Extensive research on World War II and Korean War casualties (32) has enabled investigators to develop methods of estimating stature based on measurements of long bones. The length of the femur is the most reliable basis for calculating stature (28). The tibia is also useful, but there has been some controversy over the accuracy of tibial measurements, particularly the most appropriate location of the more distal measuring point. Apparently, the plafond of the tibia is the preferred site of measurement rather than the tip of the medial malleolus (33). The tables and equations furnished to estimate stature from long-bone measurements are based on direct measurements of defleshed or skeletonized specimens (Table 2). However, measurements from radiographs can be
Health insurance developed in the pre- and post-World War II period well before medical research began generating a continuing stream of new medical interventions. In recent years, insurers' response to new treatments has become a continuing challenge. Medical necessity provisions not only have anchored that response but also have revealed major problems with that reliance. Bergthold (1995) described medical necessity as rarely defined, largely unexamined, generally misunderstood, and idiosyncratically applied in medical and insurance practice (p. 181).
The pale, cold skin characteristic of hypovolemic shock reflects a rise in cutaneous vascular resistance that appears to help support arterial blood pressure. During World War I, it was noticed that men rescued quickly and warmed in blankets (producing cutaneous vasodilation)
Expansion rates for saprotrophic basidiomycetes with non-unit-restricted growth is in the order of 0.3-1.5 m-1 year-1 (Hansen and Hamelin, 1999). To get a reliable measure of the expansion rate an independent measure of age is needed. This is hard to achieve from markers within the mycelium and has to be sought from known historical events. Normally the maximum age can be calculated but there are also a number of cases where minimum age has been inferred from forestry operations or construction of roads etc. For example, genets of Armillaria were estimated to be older than a road that crossed through its distribution (Kile, 1983 Lygis et al., 2005), and the age of H. annosum was dated from the onset of thinning operations in previously untouched stands (Bendz-Hellgren et al., 1999). Another possibility may be to use the spike in 14C from nuclear weapon trials date biological material to certain years (Levin and Kromer, 2004). This requires that mycelial structures are built during...
In Germany, on the eve of World War II, Ruska and his colleagues had produced electron microscopic photographs of the particles of TMV, bacteriophages and poxviruses, noting the extraordinary 'sperm-shaped' particles of bacteriophage. Technical improvements in instrumentation after the war, and the introduction of negative staining for studying the structure of TMV and other viruses by Cambridge scientists Huxley in 1957 and Brenner and Home in 1959 resulted in photographs of the particles of virtually every known kind of virus. These demonstrated the variety of their size, shape and structure, and the presence of common features such as the helical particles of many plant viruses and the icosahedral symmetry of many other viruses.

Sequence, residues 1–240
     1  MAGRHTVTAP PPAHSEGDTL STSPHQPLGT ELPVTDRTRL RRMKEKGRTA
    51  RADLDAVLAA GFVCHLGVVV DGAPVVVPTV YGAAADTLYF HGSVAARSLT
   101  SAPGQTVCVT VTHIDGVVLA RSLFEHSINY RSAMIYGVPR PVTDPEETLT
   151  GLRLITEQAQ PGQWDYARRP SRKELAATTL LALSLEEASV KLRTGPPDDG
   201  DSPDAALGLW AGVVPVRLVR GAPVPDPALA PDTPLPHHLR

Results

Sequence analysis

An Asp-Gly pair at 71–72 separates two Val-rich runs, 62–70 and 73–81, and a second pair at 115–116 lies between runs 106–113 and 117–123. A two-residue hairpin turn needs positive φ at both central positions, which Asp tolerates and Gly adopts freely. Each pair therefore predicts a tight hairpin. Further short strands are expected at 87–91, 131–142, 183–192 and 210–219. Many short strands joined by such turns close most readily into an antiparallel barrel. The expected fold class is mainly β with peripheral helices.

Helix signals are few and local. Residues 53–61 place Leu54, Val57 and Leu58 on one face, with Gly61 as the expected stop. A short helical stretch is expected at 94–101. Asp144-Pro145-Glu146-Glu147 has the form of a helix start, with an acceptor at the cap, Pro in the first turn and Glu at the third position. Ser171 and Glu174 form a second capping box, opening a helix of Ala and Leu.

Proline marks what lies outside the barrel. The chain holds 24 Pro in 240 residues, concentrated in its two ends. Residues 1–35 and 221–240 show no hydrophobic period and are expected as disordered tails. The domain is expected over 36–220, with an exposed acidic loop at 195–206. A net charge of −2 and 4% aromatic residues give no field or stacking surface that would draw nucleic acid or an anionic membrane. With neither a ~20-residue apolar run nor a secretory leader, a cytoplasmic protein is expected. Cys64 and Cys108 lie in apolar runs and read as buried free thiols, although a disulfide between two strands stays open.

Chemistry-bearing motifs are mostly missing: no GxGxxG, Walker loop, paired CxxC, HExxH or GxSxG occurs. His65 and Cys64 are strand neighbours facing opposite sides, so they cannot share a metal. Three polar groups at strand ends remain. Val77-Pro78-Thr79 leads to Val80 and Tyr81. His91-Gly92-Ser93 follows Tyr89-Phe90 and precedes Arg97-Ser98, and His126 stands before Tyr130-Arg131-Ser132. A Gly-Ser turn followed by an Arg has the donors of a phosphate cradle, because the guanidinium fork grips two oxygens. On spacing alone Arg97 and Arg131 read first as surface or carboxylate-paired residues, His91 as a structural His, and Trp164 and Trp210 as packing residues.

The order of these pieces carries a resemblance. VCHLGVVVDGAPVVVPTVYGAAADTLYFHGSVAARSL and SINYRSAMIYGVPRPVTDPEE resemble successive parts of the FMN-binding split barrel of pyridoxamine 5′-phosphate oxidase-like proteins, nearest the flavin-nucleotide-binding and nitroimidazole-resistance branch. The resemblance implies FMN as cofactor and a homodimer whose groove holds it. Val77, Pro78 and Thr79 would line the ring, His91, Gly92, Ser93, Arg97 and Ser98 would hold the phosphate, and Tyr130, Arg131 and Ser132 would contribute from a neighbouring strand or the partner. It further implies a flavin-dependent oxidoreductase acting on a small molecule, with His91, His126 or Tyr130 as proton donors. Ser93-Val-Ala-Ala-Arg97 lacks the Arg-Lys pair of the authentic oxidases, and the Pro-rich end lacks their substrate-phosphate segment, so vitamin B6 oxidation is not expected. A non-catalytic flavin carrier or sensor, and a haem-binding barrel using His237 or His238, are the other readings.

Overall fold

At the same time that they provide beneficial genetic counseling to patients and their families, professionals providing such a service must have a full understanding of the dangers of eugenics. The abuse of genetic information has led to many atrocities in the past. In Germany, the Nazis murdered nearly 7 million genetically defective people during World War II and forcibly sterilized nearly half a million others, all in the name of eugenics a policy that calls for the systematic elimination of unfit members of the population. The United States also has a checkered past with respect to eugenics. In the early twentieth century, the United States passed laws allowing sterilization of the mentally handicapped and limiting the number of genetically inferior ethnic groups that were allowed to immigrate.
It is essential, nevertheless, to recognize that deep ambivalence exists within medicine, including oncology, toward randomized clinical trials. Harry Marks (1997) provided a historical account of the struggle to establish the importance of randomized clinical trials in medicine after World War II. Barron Lerner (2001)
The Nuremberg trials and subsequent Nuremberg Code on Medical Intervention and Experimentation focused professional and public attention on the issue of informed consent. The trials revealed the horrific and inhumane practices of many health care professionals during World War II under the guise of treatment and research
This virus was discovered in Europe when corn hybrids were introduced from the US after World War II. In 1949, in Italy, a severe outbreak threatened the maize cultivation, lowering the yield by 40 . Later, MRDV was reported in several European countries, where it had the potential to be economically damaging. In China, a similar disease was found to be caused by rice black-streaked dwarf virus (RBSDV), not by MRDV. In young field-grown corn, symptoms caused by MRDV are dark green color of leaves, stunting and irregular swellings of veins (enations) along the lower surfaces of leaves and sometimes also of leaf sheaths, ligules, and husks. The enations are rough to the touch, hence the disease name. Plants are stunted with increased girth giving the plant a 'leek' aspect (Figure 1(b)). Short chlorotic streaks develop on mature leaves and coalesce into yellowish green stripes parallel to the veins. Later the leaves can turn reddish. Tassels are sterile. The root system is reduced, roots...